Do you own shares of Canadian cannabis company
Hexo (HEXO)? If so we've
got good news and bad news. (And when we say "we," what we really
mean is Canadian investment bank BMO Capital).
BMO's Tamy Chen put out a new
research report on Hexo, the upshot of which was that Hexo was
doing both better, and also worse, than anticipated -- depending on
which aspects of Hexo's business you focused on. The analyst
reiterates a Market Perform rating on ACB stock, with $9.00 price
target. (To watch Chen's track record, click here)
Good news first: Hexo's new one million square
foot greenhouse (Number 89) is ramping production "better than ...
expectations," and also better than greenhouses operated by other
licensed producers of marijuana (LPs). Chen explains that this is
because, in contrast to other LPs, which have generally created
their greenhouses by repurposing existing structures to the
cultivation of marijuana, Hexo's "89" facility is a "greenfield
build" -- a new structure, purpose-built for cultivating cannabis.
Its "climate control infrastructure" is therefore more efficient.
On top of that, Hexo has built up "multiyear" experience growing in
greenhouses, whereas some of its competitors are still learning the
On the surface, this seems like unadulterated
good news for Hexo. It's one reason Chen believes that Hexo will
hit its target of doubling its revenue between Q3 and Q4 2019, and
why the analyst has raised her Q4 sales estimate for the company to
C$26 million -- and her FY 2019 sales estimate to C$58 million.
Chen also raised her estimate for volume of marijuana to be sold in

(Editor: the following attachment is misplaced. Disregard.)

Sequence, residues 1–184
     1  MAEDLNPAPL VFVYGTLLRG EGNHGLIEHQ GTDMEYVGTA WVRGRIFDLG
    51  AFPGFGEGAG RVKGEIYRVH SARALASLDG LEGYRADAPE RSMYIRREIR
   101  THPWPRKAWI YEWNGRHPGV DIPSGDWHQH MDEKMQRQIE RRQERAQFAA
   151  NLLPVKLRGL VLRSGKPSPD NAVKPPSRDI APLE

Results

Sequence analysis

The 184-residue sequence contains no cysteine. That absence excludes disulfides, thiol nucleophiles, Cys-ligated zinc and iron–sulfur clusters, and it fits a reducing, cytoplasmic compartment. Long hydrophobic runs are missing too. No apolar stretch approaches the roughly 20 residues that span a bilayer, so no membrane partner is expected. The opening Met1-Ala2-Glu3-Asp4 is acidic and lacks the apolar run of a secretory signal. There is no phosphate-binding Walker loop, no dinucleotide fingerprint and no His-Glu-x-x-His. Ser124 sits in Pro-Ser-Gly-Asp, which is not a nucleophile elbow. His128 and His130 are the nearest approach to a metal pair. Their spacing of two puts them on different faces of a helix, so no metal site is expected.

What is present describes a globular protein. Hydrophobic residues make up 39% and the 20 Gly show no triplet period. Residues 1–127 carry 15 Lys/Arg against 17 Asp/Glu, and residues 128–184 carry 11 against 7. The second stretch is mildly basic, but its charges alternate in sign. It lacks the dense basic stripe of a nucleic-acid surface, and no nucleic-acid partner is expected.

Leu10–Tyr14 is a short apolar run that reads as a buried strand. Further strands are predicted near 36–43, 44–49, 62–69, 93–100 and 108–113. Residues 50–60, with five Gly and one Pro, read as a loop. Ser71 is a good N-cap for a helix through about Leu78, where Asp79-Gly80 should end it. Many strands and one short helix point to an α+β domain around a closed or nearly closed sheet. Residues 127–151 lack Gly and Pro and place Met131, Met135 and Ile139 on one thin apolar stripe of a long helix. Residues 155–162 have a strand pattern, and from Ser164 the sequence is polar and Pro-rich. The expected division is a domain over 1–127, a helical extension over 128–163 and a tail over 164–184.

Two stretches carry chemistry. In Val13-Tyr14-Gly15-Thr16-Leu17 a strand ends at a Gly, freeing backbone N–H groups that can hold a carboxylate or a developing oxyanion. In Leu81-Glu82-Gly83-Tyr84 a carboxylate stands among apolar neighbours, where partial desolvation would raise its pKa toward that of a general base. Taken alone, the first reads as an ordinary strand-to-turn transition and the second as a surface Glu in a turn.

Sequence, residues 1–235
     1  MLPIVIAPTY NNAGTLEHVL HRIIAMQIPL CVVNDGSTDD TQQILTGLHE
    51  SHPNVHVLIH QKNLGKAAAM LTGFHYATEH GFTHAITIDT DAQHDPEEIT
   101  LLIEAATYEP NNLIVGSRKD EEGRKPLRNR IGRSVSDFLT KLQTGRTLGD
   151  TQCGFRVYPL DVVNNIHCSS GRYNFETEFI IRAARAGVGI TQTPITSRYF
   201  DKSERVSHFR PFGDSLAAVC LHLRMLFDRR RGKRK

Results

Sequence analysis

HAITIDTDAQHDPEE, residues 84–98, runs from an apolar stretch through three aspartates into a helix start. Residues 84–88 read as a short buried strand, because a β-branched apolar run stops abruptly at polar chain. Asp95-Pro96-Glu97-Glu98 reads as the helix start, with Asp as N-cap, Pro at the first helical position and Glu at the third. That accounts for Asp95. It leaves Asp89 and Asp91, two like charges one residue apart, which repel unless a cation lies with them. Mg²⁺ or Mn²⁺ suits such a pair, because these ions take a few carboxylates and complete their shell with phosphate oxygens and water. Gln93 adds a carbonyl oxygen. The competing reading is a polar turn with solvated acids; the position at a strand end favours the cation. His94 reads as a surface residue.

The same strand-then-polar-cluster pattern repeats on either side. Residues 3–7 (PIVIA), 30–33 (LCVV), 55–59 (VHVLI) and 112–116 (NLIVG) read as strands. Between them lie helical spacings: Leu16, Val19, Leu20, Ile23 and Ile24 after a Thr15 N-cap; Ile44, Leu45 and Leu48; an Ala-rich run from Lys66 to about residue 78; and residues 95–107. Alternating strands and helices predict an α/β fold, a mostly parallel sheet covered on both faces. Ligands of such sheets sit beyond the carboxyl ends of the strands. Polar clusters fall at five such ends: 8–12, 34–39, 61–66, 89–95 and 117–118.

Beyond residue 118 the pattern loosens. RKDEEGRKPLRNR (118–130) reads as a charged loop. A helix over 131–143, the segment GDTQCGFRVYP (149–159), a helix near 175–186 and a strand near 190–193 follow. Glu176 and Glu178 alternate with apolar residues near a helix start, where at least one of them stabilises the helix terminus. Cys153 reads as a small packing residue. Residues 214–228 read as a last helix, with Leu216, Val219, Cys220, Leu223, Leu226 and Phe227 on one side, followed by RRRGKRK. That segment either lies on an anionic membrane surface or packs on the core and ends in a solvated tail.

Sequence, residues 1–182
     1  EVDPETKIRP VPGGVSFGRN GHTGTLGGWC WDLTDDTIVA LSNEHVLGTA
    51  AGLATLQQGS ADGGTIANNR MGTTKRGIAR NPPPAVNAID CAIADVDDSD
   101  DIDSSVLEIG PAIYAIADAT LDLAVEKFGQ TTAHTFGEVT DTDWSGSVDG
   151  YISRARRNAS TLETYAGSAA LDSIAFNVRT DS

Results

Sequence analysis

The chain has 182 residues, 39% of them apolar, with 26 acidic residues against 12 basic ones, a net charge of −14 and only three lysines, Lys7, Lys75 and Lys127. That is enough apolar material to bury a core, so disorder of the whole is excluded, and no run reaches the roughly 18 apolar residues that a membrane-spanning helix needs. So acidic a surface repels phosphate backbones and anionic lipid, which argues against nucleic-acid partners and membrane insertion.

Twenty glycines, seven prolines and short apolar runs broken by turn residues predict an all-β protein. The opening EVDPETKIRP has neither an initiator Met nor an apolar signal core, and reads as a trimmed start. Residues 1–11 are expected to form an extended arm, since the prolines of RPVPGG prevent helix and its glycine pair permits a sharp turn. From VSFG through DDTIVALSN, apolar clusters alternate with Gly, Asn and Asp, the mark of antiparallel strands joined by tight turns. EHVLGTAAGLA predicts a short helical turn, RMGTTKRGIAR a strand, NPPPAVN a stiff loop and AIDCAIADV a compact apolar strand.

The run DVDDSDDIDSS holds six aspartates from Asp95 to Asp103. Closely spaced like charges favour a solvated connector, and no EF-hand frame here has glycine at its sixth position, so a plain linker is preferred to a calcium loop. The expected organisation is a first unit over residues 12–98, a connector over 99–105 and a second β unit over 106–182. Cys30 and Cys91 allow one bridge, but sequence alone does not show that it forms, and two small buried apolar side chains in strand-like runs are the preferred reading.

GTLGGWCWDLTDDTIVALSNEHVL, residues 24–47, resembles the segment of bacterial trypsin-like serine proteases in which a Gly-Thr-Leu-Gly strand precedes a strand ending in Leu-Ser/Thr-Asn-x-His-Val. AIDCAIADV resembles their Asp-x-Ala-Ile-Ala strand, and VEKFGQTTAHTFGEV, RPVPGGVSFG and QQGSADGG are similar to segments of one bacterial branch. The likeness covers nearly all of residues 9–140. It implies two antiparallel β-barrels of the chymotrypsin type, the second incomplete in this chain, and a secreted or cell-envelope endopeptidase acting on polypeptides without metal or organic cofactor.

Q4 2019, and 2019 as a whole -- to 5,640 kilograms and 12,342 kg,
But here's where we get to the bad news: While
Chen is raising her estimates for 2019 production, she is lowering
estimates for 2020 to C$266 million -- up from 2019 levels, but not
up as much as the analyst previously expected.
Simply put: Because Hexo's marijuana-cultivation
is going so well, there's a risk that it may not have the ability
to process this marijuana into higher value-added cannabis
derivatives (such as oils for vaping). Here, Chen echoes fears
voiced by other analysts recently, to the effect that Hexo's new
Belleville processing facility may experience delays in obtaining
the necessary licenses to begin production, and/or delays in
ramping production. And if such delays do occur at Belleville, at
the same time as "89" ramps marijuana production, Hexo's existing
processing facilities in Quebec may be unable to cope with the
supply coming out of "89."
Is this something that should worry investors,
Consider that Chen is currently modeling a
significant increase in marijuana retail prices -- from average
prices of C$4.50 per gram for recreational marijuana and C$7.94 per
gram for medical marijuana in 2019, to C$5.30 for recreational, and
C$8.75 for medical, in 2021. (That's about an 18% increase in
expected prices for recreational pot, and 10% for medical, in two
And yet, with pot production ramping all across
Canada, you'd ordinarily expect prices to fall as supplies
increase, not rise, right? But that's not what the analyst is
In order for this to make sense, it seems likely
the analyst is hoping Hexo will shift to processing and selling
more value-added cannabis derivatives over time -- at higher
prices, earning fatter profits. If, however, Hexo is prevented from
processing all the marijuana it would like to, into these higher
value-added products it wants to sell, then logically Hexo would be
forced to sell more of the marijuana being produced at "89" as
simple dried flower -- and at lower prices, with smaller
When you think about the dynamics this way,
Chen's decision to keep Hexo stock rated only "market perform"
makes a lot of sense -- at least, until the uncertainty surrounding
Belleville is resolved.
To read more on the nitty gritty of whatâs going
on in the rising cannabis industry, click here.
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